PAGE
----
How much thought did you put into your last mattress purchase? Most people spend a third of each day on a mattress and two hours or less in a car, yet comfort tends to be a greater factor when people buy a car than when they choose a mattress. Mattresses today offer a variety of support types and well as support levels, both of which can have a profound impact of the quality of your sleep. Pronto’s Mattress Buying Guide will take you inside the mattress so you can choose the one that’s best for your back and your budget.
Mattresses come in four standard sizes: twin, full, queen and king. Couples should choose a queen- or king-sized mattress for the greatest freedom of movement. If you’re tall, choose a California king-sized mattress or look for a mattress with extra length.
Look for innerspring coil mattresses with 680 or more standard-sized coils; large coil mattresses should feature a minimum of 400 coils. Individuals with arthritis or joint sensitivity may benefit from memory-foam mattresses that mold to the body’s shape. If you and your partner have different sleep needs, consider an adjustable air mattress for customized support on each side.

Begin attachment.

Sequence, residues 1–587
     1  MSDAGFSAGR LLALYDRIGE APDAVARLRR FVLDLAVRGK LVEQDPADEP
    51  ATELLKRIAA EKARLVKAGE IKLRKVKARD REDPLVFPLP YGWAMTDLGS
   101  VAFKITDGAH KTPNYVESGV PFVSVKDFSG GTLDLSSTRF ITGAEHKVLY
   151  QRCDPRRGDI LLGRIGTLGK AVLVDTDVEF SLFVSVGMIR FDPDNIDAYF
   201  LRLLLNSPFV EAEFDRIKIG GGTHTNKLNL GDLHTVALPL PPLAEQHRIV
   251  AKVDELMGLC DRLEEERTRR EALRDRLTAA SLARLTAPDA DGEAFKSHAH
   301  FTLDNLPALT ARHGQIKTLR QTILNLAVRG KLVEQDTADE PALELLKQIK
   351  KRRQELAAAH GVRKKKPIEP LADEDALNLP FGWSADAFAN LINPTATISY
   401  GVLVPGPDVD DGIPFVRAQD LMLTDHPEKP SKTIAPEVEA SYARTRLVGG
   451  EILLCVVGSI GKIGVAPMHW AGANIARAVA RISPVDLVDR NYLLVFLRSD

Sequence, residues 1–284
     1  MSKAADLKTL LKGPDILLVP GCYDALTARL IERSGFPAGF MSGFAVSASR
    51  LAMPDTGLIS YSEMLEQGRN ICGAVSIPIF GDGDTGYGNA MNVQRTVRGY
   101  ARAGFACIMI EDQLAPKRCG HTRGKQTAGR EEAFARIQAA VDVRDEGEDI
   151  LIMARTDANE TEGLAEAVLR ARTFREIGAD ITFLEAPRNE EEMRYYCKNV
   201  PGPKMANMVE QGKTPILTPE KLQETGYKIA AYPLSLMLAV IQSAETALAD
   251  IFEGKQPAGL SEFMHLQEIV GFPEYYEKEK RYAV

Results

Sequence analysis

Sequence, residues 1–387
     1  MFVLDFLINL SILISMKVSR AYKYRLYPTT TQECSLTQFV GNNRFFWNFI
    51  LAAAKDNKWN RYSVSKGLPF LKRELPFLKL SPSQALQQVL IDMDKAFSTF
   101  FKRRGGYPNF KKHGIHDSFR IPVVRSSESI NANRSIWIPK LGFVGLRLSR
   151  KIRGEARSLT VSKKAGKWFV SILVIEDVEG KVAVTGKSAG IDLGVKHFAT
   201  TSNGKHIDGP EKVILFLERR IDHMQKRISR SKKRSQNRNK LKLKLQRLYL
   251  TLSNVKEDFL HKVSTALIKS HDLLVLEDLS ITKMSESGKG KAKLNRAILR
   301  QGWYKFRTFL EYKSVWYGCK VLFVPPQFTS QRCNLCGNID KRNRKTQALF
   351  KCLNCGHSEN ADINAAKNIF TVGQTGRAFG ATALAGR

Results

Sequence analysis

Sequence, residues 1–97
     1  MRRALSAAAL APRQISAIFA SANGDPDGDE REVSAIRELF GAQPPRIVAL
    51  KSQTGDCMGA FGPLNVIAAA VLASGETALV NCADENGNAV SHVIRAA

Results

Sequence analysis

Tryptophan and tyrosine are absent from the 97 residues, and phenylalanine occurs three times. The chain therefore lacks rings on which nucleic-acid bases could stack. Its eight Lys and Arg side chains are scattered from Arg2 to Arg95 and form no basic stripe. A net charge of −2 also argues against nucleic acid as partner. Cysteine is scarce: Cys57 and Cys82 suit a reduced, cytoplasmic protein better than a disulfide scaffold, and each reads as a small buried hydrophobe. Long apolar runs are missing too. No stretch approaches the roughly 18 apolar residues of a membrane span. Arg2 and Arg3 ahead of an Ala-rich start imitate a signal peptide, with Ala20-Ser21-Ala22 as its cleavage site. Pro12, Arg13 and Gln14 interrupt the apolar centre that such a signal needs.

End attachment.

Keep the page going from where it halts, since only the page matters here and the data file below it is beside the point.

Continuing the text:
Choose a mattress that’s thick enough to offer the support you need, but not so thick it overpowers your bed or makes getting into and out of bed difficult. For innerspring mattresses, find out how much of the thickness is coil (thicker coils deliver better support) and how much is foam (thick foam looks comfortable, but may not be).
Good mattresses will hold your spine in the same position as when you’re standing up. A mattress that’s not firm enough allows your hips and spine to sag, which can cause stiffness. Extra-firm mattresses may have thicker wire in their coils, which makes them more durable.
Unless you have a platform bed, you’ll need to purchase a box spring to help distribute the weight of the mattress and your sleeping body and prevent sagging over time.